The Catamaran Adventures of Noel and Ceu
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Adding Depth Markings to Anchor Chain

One of the fundamental keys to effective anchoring is to use the correct length of anchor chain (called the rode) for the depth of the anchorage. Too little and you may end up dragging your anchor. Too much and you might swing into the other boats in the middle of the night when the wind or tide changes.

This ratio of length of rode to depth of water is called the scope. The normal ratio (scope) that one would use is 5:1 if the anchor rode is all chain or 7:1 if the rode is nylon. In poor holding conditions or stormy weather, one might increase these ratios in order to get a more secure hold.

But, the big question is, how do you know how much rode you have laid out? As the chain whizzes past you as the anchor drops into the depth it is almost impossible to estimate how much has gone by.

The answer is, of course, to put markings on the chain.

So that is exactly what we did for the brand new chain on our boat.

Here in the photos you can see how we laid the anchor all around our decks, put plastic bags beneath them, and painted them with an oil-based enamel intended for metal. However, since we couldn’t get a white enamel paint, we also used a spray paint intended for outboard engines. You can see that part draped over the lifeline to the left. It will be interesting to see which holds up better.

To make it really easy to identify depths, we used three colors: red, white and blue, which we used in sequence every 10 meters. Why 10 meters? Because it is also approximately 30 feet, so it makes it easy to use the markings whether the depth is measured in feet or meters, whereas if we did a mark every 25 feet, it would be hard to convert to meters, and also hard to interpolate for intermediary depths.

So, using these colors and markings, it is very easy to set the correct amount of rode. Suppose for example that we are in 17 feet of water. Multiplying that by 5 gives us 85 feet, which is almost 90 feet. So we let the anchor windlass run until we see the blue marker coming up. Similarly, if we are in 3 meters of water, that gives us a scope of 15 meters, which is half way between the red and white markers.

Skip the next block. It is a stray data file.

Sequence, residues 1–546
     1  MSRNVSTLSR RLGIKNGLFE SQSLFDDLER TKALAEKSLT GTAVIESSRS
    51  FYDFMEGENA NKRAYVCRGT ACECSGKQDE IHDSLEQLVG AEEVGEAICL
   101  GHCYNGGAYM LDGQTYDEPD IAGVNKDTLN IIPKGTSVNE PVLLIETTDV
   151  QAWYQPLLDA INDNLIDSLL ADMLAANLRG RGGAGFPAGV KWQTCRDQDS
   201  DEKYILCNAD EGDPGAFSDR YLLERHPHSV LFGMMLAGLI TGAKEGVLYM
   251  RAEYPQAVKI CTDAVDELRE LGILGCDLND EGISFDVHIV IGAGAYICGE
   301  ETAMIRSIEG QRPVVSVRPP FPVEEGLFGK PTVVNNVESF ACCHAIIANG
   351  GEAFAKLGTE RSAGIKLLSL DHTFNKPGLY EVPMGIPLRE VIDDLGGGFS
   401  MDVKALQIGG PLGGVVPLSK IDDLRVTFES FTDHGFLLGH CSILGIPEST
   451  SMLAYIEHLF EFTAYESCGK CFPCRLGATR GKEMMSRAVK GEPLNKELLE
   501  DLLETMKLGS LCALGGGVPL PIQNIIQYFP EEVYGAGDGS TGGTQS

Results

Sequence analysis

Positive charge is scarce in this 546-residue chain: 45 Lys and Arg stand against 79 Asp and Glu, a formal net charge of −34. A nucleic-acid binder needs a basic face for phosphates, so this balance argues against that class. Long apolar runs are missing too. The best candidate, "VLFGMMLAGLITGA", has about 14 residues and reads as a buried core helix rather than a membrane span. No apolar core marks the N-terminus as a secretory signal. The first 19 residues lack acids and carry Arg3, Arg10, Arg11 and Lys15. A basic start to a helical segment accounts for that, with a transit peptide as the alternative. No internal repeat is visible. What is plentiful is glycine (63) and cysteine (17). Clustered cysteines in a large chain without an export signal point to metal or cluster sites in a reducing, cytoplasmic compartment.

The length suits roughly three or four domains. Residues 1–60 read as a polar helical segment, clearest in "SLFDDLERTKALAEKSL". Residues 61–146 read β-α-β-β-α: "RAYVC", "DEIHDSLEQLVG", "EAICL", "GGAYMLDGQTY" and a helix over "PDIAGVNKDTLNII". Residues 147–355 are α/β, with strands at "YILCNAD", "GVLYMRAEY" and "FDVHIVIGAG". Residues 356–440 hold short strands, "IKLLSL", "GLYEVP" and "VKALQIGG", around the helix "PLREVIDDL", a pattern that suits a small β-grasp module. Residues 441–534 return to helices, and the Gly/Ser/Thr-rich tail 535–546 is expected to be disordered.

The other thing we did is to make the paint markers a couple of feet long. Again, this makes it much easier to see as the chain is zooming past.

One unexpected bonus of the white paint, at the 20 meter mark, is that it is really easy to see in the water, so you can see what direction the chain is lying in.

4 Responses to “Adding Depth Markings to Anchor Chain”

  • Hi:
    Nice log.
    We are getting a Lagoon 450 next April, picking her up in France. We will sail the Med summer 2012 before crossing to St. Lucia with the ARC. Our boat’s name will be NextLife.

    About you chain markers. I did the same principal on my current 40-foot monohull (10meters~30feet), except with coloured vinyl markers from West Marine sewn to the chain. How is the paint holding up?

    • Noel:

      Hi Rolf

      That’s a big boat you are getting! And an interesting name for her 🙂 Is it just two of you onboard?

      We will probably be crossing to the Caribbean next fall too, but not with the ARC. They usually leave the Canaries about November, so maybe we will bump into each other somewhere in the Med or going south.

      The paint doesn’t work. We have tried several different kinds of paint, but it quickly wears off.

      On the other hand, the little plastic markers that fit into the chain work very well. But we have trouble finding them in the chandlers, so we keep picking up a bag here and there when we can find them.

      Happy sailing,


  • Joe Donnaway:

    Rolf, Noel;
    I’ve used colored cable ties to mark our chain – Green, Yellow and Red. One tie per chain link holds up reasonably well coming through the windlass, and are easy to replace. One green at 25′, two at 50′, three at 75 feet and four at 100′. Repeat with yellow for the next hundred feet. Then red – I have 250′ of chain, so we end with two red ties.

    Safe Sailing,

  • heidi:

    Aall a bit technical

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